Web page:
Alaska is looking to repeal a regulation that has long allowed employers to pay people with disabilities less than the state's minimum wage.
Employers need to apply for a waiver to pay people with disabilities below Alaska's $9.80 per hour minimum wage. Now, the Alaska Department of Labor and Workforce Development has proposed doing away with that exemption.
There are only four employers in Alaska that have the waiver to use the exemption — Fairbanks Resource Agency, The Arc of Anchorage, Assets Inc., and Threshold Services Inc., all of which do work that focuses on people with disabilities — but not all of those actively use it, said state labor commissioner Heidi Drygas.
"The idea was it would encourage employers who might not otherwise hire persons with disabilities to hire them," Drygas said. "I do think it was well-intentioned. … We just don't have the evidence that that's worked very well in practice."
The exemption from paying workers with disabilities at least minimum wage has existed at the federal level since 1938, as part of the Fair Labor Standards Act, and has been part of Alaska regulations since 1978.
Other states have started to move away from the practice as well, Drygas said.
"It absolutely undermines the economic security for those employees," she said. "Minimum wage is minimum for a reason. It's intended to meet basic needs for workers. And it hasn't worked out that way. And if the minimum wage doesn't do that, certainly sub-minimum wage doesn't."
Matt Jones, executive director of Anchorage nonprofit Assets Inc., said while the organization has the waiver and has used it in the past, paying workers with disabilities below minimum wage hasn't been the practice there for several years.
"We support the change," he said. "We just strongly believe no one wants their work devalued."
The Arc of Anchorage just this month moved away from the practice of paying below $9.80 an hour to workers with disabilities, said Danny Parish, director of supported employment services there.
The Arc is a nonprofit that serves people with developmental disabilities or mental health issues. Parish said one reason the Arc used the wage exemption in the past was that it allowed the organization to provide support to more people in its job training programs.
"As we're improving our practices across the board … and making sure that as we are improving all of our efforts, we're also looking at fair standards," said Stephanie Wheeler, chief operating officer at the Arc.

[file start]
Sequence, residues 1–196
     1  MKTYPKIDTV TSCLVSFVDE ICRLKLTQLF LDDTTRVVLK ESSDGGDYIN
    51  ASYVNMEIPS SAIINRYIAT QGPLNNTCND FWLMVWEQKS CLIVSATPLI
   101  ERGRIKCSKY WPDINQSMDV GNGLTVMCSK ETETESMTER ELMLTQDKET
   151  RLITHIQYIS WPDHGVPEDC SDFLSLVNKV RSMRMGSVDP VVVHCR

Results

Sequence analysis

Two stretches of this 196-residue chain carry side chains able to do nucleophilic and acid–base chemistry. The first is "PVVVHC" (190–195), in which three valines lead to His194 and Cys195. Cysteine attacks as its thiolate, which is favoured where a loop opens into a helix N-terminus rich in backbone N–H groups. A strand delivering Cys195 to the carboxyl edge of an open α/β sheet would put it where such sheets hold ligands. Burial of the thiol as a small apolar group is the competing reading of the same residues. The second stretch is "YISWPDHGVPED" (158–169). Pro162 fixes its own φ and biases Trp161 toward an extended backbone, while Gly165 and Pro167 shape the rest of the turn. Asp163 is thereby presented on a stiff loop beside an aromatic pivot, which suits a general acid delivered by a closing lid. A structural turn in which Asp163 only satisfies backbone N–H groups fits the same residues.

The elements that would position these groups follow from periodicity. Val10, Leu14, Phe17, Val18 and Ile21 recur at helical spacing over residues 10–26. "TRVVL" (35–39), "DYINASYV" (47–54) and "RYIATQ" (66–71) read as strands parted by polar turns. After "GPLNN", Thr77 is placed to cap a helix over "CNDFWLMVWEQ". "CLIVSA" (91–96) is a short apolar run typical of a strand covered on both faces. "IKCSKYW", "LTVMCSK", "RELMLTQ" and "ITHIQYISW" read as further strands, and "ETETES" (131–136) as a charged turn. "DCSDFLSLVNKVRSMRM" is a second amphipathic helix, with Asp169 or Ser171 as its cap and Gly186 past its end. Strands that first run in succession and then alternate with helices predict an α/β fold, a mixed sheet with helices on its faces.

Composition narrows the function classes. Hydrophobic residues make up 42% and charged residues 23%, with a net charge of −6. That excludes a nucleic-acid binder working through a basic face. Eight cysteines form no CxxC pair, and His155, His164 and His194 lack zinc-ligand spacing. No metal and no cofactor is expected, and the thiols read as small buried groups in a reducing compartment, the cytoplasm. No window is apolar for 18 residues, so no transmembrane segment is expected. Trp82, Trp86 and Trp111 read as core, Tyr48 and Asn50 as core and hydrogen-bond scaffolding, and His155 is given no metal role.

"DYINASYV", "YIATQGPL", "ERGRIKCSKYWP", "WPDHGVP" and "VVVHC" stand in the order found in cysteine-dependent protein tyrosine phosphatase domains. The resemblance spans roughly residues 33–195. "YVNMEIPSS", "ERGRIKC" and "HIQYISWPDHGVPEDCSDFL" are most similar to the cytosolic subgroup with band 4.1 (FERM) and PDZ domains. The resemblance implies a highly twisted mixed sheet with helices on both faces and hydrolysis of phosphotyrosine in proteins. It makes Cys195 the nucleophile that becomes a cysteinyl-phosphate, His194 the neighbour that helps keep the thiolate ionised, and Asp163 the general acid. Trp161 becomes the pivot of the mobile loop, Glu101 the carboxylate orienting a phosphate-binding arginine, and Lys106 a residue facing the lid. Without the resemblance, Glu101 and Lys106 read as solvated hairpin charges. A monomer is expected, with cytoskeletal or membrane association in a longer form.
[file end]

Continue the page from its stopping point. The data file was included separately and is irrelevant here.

At Threshold Services Inc., a recycling nonprofit in Kodiak, executive director Stephanie Mason said there isn't enough money to pay everyone at least minimum wage. Of the 13 people employed there, she said seven have severe physical or mental disabilities.
"We would love to pay our employees minimum wage," she said. "We have started making changes by slightly increasing their hourly rate. Honestly, it's to get them out of the house, get them interacting with the community."
Dave Fleurant, executive director of the Disability Law Center of Alaska, said allowing pay below minimum wage to people with disabilities clashes with the state's "employment first" law of 2014. That law says that the goal of education is to help people become "gainfully employed in an integrated workplace where individuals with disabilities work with and alongside" people without disabilities.
"The time is up for all of these programs that actually seem to discriminate against people with disabilities," he said. "It keeps individuals with disabilities in poverty; it keeps them segregated from society."
Ric Nelson, a program coordinator with the Governor's Council on Disabilities and Special Education, said the exemption was originally created to help people with disabilities find work opportunities. But times have changed, he said.
"The elimination of this law will make it so that each person that has a job that has a disability will be able to earn real wages for doing real work," Nelson said.
Mason said she understands the criticism of sub-minimum wage as discrimination.
"There are people out there that are abusing it and paying people at a very, very low rate that is very discriminatory," she said, "but that's not what we're doing here. We're trying to pay them as much as we can."
If the state changed the current regulation, Mason said, she would likely need to cut back hours for workers.
In Alaska, the regulation says that a person being paid below minimum wage generally still needs to make at least half the minimum wage. Under federal law, Fleurant said, employers "could pay pennies on the dollar."
Employers could still get federal exemptions that would allow them to pay lower than minimum wage to people with disabilities, said Heather Beaty, special assistant to Drygas, in an email. But the U.S. Department of Labor "will honor" states that have eliminated the sub-minimum wage by not allowing entities in those states to get such waivers, she said.
The state labor department is seeking public comments on the proposed change, and those comments are due Nov. 15. Barring "major issues" in that commenting period, Drygas said the final repeal of the regulation would happen about three months later.